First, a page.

Written by Alexa Erickson
Back in April, a team of scientists announced a new project to explore interstellar space. Named Breakthrough Starshot, the project intends to use lasers to send thousands of smartphone-sized spacecraft to the nearby star system Alpha Centauri. At 4.37 light years away, it is the nearest neighbouring star system to Earth’s Milky Way.
The project is an ambitious one, to say the least. Russian philanthropist Yuri Milner wants the spacecrafts to travel at one-fifth the speed of light — roughly 100 times faster than a typical craft — so that they can land at Alpha Centauri in 20 years. Stephen Hawking has backed the project, saying that “Earth is a wonderful place, but it might not last forever. Sooner or later we must look to the stars. Breakthrough Starshot is a very exciting first step on that journey.”
Milner is a Russian-born billionaire investor who began his career as a physicist. He helped found the Breakthrough prizes, the biggest in science, which were announced in 2012 and are awarded for fundamental research in physics, life sciences, and mathematics.
Last year he and Hawking revealed their $100m project to boost advancements in searching for extraterrestrial life outside of our solar system.
Now NASA says it plans to take part in the lofty project by helping solve one of the most difficult issues at hand: how to alleviate the severe solar radiation of interstellar travel.
Accelerating the “StarChip” with lasers will speed up the travel by 134 million miles per hour, but in order to do this, the vessel must be incredibly light. Installing a proper radiation shield would result in far too much weight, however, so researchers needed to get creative.
NASA first suggested changing its route to Alpha Centauri in order for the probe to avoid radiation. The problem with this idea is that it would lengthen the trip significantly, while not totally eliminating the radiation issue.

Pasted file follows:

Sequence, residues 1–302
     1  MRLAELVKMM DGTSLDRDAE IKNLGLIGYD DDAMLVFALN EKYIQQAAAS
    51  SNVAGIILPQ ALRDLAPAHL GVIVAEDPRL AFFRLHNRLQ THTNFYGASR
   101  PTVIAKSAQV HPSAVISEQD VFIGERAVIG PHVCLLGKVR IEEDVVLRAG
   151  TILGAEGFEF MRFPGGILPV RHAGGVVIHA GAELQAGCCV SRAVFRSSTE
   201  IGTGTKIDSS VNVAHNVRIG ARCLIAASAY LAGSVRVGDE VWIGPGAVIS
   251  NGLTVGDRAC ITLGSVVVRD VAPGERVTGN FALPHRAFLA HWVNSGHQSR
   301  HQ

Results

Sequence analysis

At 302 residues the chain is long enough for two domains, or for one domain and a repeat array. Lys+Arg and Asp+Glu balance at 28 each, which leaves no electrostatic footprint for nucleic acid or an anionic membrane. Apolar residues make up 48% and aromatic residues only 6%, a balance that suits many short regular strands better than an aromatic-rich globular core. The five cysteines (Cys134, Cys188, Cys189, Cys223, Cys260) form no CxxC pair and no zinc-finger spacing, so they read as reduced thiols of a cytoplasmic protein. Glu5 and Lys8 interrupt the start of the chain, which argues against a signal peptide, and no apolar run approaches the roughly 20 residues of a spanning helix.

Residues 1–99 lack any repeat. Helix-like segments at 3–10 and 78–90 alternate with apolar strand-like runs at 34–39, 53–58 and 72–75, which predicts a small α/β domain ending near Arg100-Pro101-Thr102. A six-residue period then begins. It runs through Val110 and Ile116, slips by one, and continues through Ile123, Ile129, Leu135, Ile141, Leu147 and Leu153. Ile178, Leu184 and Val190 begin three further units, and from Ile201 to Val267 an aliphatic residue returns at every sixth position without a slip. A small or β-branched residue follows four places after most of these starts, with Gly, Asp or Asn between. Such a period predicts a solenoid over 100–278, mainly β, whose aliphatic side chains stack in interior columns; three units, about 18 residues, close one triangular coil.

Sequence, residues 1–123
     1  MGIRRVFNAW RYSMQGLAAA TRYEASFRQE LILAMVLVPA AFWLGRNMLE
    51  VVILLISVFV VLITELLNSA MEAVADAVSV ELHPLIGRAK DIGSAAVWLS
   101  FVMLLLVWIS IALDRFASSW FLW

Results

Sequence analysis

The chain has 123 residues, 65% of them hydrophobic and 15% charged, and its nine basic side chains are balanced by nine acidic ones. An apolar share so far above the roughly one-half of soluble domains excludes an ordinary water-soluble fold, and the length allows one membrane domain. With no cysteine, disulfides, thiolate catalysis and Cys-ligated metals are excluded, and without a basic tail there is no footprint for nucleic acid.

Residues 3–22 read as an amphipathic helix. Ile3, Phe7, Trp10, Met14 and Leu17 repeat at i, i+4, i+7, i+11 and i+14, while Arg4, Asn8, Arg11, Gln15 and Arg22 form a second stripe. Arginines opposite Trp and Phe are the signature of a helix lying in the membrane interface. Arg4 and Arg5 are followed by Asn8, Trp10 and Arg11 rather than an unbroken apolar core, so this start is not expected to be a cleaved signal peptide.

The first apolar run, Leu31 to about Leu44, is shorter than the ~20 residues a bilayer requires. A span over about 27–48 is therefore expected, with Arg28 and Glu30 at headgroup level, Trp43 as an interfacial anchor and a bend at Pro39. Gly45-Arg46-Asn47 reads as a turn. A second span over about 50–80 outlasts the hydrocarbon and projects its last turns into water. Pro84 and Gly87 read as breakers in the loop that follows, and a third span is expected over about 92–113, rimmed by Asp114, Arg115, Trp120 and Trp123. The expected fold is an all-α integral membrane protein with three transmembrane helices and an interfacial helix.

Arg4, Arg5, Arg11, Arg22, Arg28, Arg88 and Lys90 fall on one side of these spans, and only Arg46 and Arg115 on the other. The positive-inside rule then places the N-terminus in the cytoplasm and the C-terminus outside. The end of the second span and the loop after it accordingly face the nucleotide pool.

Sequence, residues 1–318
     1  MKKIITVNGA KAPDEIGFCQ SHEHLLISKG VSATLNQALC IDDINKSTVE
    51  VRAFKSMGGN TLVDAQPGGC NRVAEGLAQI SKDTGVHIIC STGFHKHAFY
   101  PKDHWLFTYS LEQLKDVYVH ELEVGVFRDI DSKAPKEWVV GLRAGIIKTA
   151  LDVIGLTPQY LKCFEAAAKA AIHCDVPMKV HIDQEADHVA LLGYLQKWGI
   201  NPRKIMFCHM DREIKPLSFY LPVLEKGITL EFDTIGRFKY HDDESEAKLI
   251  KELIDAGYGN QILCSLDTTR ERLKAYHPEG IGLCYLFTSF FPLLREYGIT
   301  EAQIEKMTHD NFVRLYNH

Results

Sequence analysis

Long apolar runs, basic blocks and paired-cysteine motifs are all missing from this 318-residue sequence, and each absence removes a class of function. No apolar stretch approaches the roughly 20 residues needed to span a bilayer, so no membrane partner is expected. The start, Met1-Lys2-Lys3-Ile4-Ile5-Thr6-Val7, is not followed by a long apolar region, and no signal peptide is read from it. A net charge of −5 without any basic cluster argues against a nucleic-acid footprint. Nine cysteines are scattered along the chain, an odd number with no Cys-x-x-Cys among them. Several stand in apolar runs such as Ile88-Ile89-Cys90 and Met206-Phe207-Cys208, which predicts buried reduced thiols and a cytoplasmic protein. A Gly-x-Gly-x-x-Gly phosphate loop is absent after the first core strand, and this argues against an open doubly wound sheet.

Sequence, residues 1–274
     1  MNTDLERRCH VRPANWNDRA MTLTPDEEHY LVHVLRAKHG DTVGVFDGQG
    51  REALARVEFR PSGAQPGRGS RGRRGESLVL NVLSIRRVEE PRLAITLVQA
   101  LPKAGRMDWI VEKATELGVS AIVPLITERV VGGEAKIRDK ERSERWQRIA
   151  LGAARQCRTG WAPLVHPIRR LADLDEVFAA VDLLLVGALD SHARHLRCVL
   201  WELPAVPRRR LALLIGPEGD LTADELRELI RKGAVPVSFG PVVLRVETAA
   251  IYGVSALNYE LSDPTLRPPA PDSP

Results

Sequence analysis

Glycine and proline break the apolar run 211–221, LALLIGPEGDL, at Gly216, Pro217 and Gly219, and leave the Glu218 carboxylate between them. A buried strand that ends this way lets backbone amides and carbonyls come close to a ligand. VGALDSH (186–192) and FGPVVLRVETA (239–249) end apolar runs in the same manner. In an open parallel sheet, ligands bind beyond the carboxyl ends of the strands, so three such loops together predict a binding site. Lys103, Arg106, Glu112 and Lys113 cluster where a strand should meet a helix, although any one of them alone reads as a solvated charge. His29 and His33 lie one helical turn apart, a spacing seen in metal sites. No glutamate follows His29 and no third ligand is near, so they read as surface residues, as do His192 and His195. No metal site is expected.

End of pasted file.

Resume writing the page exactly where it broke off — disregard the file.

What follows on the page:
NASA and researchers from the Korea Institute of Science and Technology have now considered putting “self-healing” transistors into the probe. To see how well this plan could work out, they’re working with an experimental “gate-all-around nanowire transistor” that might be able to self-heal from radiation damage. These types of chips can be used for flash memory as well as logic transistors, making them perfect for this particular project, since they have extremely small 20-nanometer features — which means they’re lightweight as well as mostly repellent to cosmic rays.
“On such chips, the logic gate completely surrounds the nanowire channel, so by adding an extra contact, you can pass current through the gate and heat it up,” notes Engadget. This results in a heating and cooling “annealing” effect, restoring the chip’s functionality after being infiltrated by ionizing radiation.
“Therefore, the lifetime of devices can be extended, which opens an opportunity for nano-spacecraft sustainable for more than 20 years of deep space exploration,” said KAIST.
Though much more experimentation is needed before this probe can actually get off the ground, it makes the idea of finding another habitable planet near Earth in our lifetime seem far more attainable.
Originally posted @ Collective Evolution